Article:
Extending the life of the transplant
Posted on 29/09/2010
A picture of the kidneys
Experts from the Medical Research Council (MRC) Centre for Transplantation at King’s have revealed exciting new scientific developments for people with an organ transplant, intended to help prevent rejection of the new organ and extend its life. Watch a video of the research.
They discussed two pioneering areas of research, at an event at the British Science Festival in Birmingham, that they hope will have a significant impact on transplant medicine and patients in future - techniques known as protein therapeutics and cell therapy.
Although organ transplantation has been taking place for over 50 years, there are a number of significant challenges, such as a shortage of donor organs, maintaining the quality of an organ in transit, and the risk of organ rejection both immediately after transplant and in the following years.
The event entitled ‘Extending the life of the transplant’ was facilitated by broadcaster and writer Vivienne Parry. Sue Townsend, author of the Adrian Mole books, spoke about her experience as a recipient of a donor kidney and gave away copies of a new Adrian Mole short story, which she had written especially for the debate.
The work using protein therapeutics aims to reduce the risk of an organ being damaged in the hours and days following a transplant, by maintaining the quality of the donor organ prior to transplantation.
Currently, organs cannot survive outside the body for more than around 24 hours. In daily life when an infection or virus meets cells or fluids in the body, it activates a part of the immune system, known as the ‘complement’ system, which attacks and attempts to destroy the cells of the intruder organism.
The complement system is usually kept in check by ‘regulators’ which are found on the surface of the cells. Their presence prevents it from attacking the body’s own cells. However, when an organ is removed for transplantation, complement regulators are lost from the surface of cells due to the lack of blood flow and consequent lack of oxygen. Unregulated, the complement system begins to attack the organ’s own cells, severely damaging it. Once the transplant is complete, the effect can be amplified as the complement system supports the recipient’s own blood cells in its attack on the organ – resulting in organ rejection.
Working with the biotechnology industry, scientists at the MRC Centre for Transplantation have evolved a method for ‘painting’ the inner surface of donor kidneys with a protective layer made from a substance which is a natural regulator of these proteins in humans.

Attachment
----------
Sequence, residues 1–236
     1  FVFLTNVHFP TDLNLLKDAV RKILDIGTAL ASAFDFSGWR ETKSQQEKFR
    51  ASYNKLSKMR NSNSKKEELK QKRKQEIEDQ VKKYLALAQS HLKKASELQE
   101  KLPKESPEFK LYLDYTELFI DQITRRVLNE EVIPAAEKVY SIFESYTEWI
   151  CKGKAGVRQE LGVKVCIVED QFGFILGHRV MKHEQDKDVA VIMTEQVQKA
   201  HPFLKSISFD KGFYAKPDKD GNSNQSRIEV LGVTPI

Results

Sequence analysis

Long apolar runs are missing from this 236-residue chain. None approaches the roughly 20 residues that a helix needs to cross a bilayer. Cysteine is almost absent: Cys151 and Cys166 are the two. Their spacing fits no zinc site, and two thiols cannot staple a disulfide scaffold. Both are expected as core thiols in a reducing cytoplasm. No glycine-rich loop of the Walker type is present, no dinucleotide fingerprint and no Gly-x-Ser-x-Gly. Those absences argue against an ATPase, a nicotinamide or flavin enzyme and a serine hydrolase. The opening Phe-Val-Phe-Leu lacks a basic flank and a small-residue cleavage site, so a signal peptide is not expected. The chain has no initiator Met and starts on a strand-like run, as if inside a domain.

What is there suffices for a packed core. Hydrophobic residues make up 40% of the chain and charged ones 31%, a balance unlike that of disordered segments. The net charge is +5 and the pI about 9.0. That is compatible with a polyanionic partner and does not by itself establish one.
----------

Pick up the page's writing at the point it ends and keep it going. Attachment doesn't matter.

Dr Richard Smith, Director of the Protein Therapeutics Laboratory, said: ‘We have engineered a protein Mirococept to combat organ damage during transit outside the human body and immediately after transplantation. It is an artificial replacement for complement regulators. If enough Mirococept proteins reach the organ’s cell membranes, it can prevent the complement cascade from starting and increases the number of donor organs suitable for transplantation.’
The other exciting area of research is a type of potential treatment scientists hope will improve the longevity of a transplant.
Currently, transplant recipients have to stick to a strict regimen of potent drugs that pacify the immune system in an attempt to prevent rejection of the donated organ. However, because these drugs suppress the immune system, they sometimes bring serious health complications, such as infections and some types of cancer.
The scientists are looking at other ways of prolonging the life of a transplant, which involve using a type of white blood cell – regulatory T cells found in healthy individuals – as a treatment to prevent an individual’s immune system from becoming over active and rejecting the organ.
Professor Giovanna Lombardi, Professor of Human Transplant Immunology, said: ‘Animal studies have already shown that these cells can effectively prevent a transplant being rejected. We are currently identifying ways to ‘grow’ these cells from the blood of healthy individuals in the laboratory without them losing their ability to suppress other immune cells and are carrying out a study of the number and quality of regulatory T cells from patients on the waiting list for a kidney transplant. We are optimistic that we will be able to carry out the first clinical trials in transplant patients in the next few years.’